Mary Ruefle wins Aiken-Taylor Award for Modern Poetry

Photo by Matt Hembree

By David Provost

Staff Writer


On March 2, professors, faculty, students, and community members experienced a live reading from Mary Ruefle first-hand. Even those who may have previously attended one of her renowned readings were not prepared for the literary ecstasy found within Convocation Hall that afternoon.

Although this is Ruefle’s first Aiken-Taylor award, she is no stranger to national literary accolades. Ruefle’s anthology, The Adamant, won an Iowa Poetry Prize and her newest book, My Private Property, is taking the contemporary poetry scene by storm.

Ruefle’s reading style is completely and entirely her own. The rhetorical rhythm she used was constantly gripping without being particularly alarming or performative. Her sarcastic and dismissive delivery created an atmosphere that made it difficult for the audience to discern between her poetry and her spontaneous thoughts.

Before going into more personal pieces, Ruefle said to those at Convocation, “I don’t have time to keep a journal, so I decided to make a fake one.” However, the poems read aloud from her fabricated journal sounded very real. The entire reading soon became a wild card of language. Some of her poems are very much family-friendly, while others are irrevocably vulgar in thematic content.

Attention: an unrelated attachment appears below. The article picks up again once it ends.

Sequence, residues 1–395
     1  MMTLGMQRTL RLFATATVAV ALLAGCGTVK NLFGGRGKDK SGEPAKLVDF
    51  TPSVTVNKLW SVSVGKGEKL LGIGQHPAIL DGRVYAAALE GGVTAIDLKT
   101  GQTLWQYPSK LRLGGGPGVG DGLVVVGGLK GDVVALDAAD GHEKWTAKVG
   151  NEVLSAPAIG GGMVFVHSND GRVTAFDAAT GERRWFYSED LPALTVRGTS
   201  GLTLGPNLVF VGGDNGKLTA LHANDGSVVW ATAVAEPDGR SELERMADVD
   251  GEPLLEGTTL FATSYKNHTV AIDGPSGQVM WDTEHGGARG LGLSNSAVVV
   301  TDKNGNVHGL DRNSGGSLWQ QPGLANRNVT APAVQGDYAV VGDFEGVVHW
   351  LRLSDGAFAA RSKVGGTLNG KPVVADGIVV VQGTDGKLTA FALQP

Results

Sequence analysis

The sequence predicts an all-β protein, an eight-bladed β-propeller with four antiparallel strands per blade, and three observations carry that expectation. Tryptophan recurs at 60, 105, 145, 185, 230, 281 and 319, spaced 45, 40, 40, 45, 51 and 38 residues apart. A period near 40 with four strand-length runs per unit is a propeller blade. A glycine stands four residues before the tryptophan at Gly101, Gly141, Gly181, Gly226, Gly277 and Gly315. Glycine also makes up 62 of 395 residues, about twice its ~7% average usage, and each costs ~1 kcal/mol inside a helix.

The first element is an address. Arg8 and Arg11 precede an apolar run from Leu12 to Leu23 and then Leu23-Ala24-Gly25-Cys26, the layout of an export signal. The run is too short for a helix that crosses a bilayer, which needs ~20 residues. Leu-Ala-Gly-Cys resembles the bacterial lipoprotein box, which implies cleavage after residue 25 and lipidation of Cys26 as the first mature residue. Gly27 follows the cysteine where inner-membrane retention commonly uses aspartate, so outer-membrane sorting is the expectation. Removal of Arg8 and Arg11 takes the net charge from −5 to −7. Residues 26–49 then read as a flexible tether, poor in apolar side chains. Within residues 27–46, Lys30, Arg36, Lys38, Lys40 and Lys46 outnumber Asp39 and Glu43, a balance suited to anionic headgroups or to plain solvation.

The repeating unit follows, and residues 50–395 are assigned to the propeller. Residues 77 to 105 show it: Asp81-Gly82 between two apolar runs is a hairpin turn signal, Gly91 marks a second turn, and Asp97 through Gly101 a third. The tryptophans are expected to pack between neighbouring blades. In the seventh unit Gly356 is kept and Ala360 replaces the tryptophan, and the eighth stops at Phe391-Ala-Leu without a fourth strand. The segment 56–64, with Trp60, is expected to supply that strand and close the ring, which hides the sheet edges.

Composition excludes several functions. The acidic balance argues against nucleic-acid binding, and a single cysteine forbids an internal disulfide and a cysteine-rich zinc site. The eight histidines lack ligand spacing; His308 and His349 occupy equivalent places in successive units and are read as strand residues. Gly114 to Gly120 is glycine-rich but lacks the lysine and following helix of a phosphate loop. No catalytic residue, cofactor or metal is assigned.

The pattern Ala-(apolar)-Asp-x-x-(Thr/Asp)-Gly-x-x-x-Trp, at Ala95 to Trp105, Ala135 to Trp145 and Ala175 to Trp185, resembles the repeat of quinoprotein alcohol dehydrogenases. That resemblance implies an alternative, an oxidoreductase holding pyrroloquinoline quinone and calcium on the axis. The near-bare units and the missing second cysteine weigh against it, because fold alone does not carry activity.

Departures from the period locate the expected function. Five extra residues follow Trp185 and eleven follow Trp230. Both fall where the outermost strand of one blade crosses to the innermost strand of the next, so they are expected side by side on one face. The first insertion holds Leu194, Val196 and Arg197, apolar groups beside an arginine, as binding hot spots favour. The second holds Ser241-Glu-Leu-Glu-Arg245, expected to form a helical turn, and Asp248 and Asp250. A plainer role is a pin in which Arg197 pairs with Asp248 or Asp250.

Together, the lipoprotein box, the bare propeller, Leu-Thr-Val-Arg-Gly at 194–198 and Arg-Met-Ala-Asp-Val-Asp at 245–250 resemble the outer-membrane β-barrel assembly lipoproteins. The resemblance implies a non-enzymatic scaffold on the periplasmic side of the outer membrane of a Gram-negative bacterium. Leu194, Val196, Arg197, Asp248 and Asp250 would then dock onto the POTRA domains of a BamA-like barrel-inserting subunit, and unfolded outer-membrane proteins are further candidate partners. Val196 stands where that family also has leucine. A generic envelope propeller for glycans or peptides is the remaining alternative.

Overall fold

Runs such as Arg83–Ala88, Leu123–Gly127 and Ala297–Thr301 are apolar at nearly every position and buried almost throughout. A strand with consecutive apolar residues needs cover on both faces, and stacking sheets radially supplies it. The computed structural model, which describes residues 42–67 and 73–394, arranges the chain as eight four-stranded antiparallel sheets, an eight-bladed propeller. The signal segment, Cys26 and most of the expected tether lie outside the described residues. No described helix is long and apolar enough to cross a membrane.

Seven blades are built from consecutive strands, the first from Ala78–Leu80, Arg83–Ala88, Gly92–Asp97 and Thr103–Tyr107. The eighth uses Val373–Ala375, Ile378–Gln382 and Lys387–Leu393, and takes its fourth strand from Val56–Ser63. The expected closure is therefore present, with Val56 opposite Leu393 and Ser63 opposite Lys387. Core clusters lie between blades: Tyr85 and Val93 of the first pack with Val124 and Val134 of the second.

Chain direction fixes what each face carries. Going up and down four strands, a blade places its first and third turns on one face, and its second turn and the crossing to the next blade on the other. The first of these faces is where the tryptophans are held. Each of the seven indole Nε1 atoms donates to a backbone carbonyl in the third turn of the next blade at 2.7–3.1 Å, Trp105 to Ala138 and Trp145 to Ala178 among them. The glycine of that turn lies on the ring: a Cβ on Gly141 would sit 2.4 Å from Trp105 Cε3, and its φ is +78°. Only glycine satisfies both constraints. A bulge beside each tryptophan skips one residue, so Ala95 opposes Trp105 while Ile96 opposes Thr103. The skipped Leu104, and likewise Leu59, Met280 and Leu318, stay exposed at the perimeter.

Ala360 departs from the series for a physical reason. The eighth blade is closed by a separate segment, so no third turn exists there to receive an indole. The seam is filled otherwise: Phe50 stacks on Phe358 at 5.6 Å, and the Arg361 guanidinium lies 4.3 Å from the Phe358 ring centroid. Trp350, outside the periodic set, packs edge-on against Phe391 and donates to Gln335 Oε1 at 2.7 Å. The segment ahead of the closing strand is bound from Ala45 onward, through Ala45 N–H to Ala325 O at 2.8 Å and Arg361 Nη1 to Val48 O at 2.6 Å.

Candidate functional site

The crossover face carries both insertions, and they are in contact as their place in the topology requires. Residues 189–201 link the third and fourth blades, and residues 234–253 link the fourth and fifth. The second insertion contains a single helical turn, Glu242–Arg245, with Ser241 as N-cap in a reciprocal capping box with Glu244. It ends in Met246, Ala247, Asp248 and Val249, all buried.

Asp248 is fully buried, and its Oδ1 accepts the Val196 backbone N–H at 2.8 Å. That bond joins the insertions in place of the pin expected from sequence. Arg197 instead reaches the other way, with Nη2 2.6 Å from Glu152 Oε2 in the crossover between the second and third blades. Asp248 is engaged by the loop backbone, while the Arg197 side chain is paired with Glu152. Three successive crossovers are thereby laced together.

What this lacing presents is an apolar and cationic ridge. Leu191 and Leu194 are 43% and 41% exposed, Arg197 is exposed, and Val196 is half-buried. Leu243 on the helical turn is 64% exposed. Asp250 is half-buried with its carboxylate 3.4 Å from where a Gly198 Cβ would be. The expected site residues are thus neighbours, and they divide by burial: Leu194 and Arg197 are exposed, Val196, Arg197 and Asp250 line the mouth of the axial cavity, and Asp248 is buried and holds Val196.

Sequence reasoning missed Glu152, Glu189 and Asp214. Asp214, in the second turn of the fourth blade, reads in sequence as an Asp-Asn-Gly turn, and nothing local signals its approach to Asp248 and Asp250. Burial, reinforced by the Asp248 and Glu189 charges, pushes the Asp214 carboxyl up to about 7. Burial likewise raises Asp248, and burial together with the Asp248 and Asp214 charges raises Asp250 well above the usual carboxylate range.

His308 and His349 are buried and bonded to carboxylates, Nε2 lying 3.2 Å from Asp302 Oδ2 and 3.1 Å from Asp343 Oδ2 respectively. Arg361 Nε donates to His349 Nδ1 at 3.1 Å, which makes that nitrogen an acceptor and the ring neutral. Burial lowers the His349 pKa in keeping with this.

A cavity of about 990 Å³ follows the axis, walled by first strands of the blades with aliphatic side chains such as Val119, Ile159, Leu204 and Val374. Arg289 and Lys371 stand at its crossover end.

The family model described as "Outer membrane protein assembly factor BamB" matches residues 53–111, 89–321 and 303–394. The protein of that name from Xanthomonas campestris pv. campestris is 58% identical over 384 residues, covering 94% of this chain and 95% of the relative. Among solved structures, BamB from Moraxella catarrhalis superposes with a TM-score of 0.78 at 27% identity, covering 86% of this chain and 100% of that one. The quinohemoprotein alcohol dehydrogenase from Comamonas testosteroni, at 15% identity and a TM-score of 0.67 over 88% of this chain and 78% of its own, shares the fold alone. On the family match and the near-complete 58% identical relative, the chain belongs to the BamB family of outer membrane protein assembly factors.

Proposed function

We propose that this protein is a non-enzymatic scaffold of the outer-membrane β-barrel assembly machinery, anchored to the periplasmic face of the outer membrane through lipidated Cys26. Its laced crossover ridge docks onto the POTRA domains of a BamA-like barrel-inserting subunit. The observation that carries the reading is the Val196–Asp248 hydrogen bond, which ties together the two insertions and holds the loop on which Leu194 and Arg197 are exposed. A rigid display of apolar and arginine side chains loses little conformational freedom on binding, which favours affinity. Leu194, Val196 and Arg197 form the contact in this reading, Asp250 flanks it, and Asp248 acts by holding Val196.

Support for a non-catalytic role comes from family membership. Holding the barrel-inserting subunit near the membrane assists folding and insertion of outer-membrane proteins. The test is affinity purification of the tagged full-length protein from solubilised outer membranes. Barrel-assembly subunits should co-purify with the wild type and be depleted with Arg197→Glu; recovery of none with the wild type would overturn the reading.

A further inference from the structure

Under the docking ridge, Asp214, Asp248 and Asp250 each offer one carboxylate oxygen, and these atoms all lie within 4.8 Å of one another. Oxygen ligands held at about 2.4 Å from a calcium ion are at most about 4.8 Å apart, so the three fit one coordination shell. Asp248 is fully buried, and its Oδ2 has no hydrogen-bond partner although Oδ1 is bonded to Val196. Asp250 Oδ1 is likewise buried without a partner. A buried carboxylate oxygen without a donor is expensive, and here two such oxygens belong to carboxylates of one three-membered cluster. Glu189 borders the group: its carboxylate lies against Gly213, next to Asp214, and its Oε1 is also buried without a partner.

One of her standout poems, entitled, “Snow,” covered the idea of sexual impulses in a domestic household setting, and how closely related desires are with the expectations we place on our day-to-day lives. Another poem, “The Cashew,” broke traditional narrative form with twists and turns and by presenting stage directions so incredibly specific that they opened up the symbols and allegories to a much wider, universal meaning.

The overall impression one receives from this level of recited creativity is that of personal choice. The Convocation crowd never laughed perfectly in synch or interpreted the power of her words at the same time. It was as if Ruefle read aloud to each person one-by-one, holding audience members with familiar phrases but never failing to challenge the poetic experience through form, atmosphere, and haunting images.

Her most striking personal statement was just as original as the poems she chose to read: “I have spent so many years impersonating the poet Mary Ruefle, I suppose I have become her.” The actualization of Ruefle’s impersonation received the Aiken-Taylor award with grace, and only after sharing the limitless nature of inspired, recited art.